The study was restricted to postpin insertion period, though the study drugs have effect on the course of anesthesia throughout the procedure. The drugs lignocaine and clonidine continue to have the effect beyond the end point of the study. However, intraoperative use of mannitol, phenytoin, frusemide, and dexamethasone will alter the hemodynamics. Surgical blood loss, change in position will also add to continuous changes in the HR and BP. Several confounding factors were present throughout the craniotomy procedure which would alter hemodynamic and attributing the changes to drug used preoperatively would be difficult. In our study, neuroendocrine biomarkers, sedation scoring, requirement of anesthetic drugs, cerebral blood flow, cerebral blood volume, and intracranial pressures were not studied. These are the few limitations of our study.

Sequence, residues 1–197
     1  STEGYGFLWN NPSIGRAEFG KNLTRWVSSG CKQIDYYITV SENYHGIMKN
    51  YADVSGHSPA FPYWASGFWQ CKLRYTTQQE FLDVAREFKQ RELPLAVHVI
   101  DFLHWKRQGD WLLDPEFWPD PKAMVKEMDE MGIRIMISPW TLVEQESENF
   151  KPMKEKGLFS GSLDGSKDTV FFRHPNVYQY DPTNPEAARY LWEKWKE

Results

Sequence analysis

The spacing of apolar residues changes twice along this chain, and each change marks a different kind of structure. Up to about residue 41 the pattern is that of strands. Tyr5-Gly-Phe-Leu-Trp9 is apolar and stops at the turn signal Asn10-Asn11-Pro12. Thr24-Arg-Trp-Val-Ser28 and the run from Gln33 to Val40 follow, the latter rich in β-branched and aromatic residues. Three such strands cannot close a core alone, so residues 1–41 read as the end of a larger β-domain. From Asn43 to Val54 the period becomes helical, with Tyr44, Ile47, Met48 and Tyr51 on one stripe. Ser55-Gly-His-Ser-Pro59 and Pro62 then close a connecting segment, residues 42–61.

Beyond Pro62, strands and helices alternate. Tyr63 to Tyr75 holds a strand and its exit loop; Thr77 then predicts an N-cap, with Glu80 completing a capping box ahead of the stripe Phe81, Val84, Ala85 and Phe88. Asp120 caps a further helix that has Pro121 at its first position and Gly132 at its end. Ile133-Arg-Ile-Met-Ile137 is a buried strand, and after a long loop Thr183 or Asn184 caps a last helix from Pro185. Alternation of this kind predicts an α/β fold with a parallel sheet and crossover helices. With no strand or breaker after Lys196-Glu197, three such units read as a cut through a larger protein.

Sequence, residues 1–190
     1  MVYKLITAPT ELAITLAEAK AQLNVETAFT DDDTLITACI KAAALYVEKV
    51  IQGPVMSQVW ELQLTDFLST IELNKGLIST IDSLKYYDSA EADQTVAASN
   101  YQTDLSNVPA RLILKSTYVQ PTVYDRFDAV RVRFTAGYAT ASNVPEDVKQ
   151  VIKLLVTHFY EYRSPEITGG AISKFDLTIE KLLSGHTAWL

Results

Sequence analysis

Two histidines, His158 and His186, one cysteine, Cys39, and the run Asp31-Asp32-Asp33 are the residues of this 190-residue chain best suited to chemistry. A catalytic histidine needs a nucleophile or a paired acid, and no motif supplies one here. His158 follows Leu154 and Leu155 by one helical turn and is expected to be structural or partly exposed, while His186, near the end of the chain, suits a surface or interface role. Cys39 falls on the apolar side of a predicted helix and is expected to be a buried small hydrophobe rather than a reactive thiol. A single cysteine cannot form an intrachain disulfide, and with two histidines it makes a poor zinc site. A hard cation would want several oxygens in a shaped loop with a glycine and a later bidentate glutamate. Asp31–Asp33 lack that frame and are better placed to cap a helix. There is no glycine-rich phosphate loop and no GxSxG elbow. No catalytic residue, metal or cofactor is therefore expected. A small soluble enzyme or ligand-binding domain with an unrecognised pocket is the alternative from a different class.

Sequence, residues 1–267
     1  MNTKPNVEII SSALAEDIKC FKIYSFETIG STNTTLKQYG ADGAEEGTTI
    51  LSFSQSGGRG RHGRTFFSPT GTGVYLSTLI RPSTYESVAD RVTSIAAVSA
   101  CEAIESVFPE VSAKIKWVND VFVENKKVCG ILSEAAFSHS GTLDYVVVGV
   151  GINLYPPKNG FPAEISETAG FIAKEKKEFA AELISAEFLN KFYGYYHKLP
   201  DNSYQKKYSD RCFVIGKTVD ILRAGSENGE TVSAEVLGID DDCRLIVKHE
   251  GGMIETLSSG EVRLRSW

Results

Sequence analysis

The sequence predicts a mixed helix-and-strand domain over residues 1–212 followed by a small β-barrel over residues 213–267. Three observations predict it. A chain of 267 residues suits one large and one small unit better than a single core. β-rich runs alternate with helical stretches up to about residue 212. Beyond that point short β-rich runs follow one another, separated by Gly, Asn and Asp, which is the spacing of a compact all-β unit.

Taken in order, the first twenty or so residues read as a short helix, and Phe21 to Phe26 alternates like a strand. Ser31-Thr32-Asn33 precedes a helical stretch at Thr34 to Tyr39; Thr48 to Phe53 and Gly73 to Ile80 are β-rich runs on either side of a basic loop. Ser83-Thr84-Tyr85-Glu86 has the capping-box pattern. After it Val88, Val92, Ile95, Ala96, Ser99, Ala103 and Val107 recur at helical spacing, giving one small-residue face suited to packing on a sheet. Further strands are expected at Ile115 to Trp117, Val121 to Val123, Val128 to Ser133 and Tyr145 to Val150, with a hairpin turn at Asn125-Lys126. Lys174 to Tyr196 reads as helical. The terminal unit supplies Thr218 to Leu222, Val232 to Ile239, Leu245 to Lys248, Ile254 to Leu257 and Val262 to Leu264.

CONCLUSION

  1. Lignocaine at dose of 1.5 mg/kg as infusion and i.v. clonidine at 2 µg/kg is effective in attenuating laryngoscopy, intubation, and pin insertion in craniotomies
  2. i.v. clonidine at the dose of 2 µg/kg is a better than i.v. lignocaine in attenuating hemodynamic response to skull pin head holder insertion in craniotomies.

Financial support and sponsorship

Nil.

Conflicts of interest

There are no conflicts of interest.

REFERENCES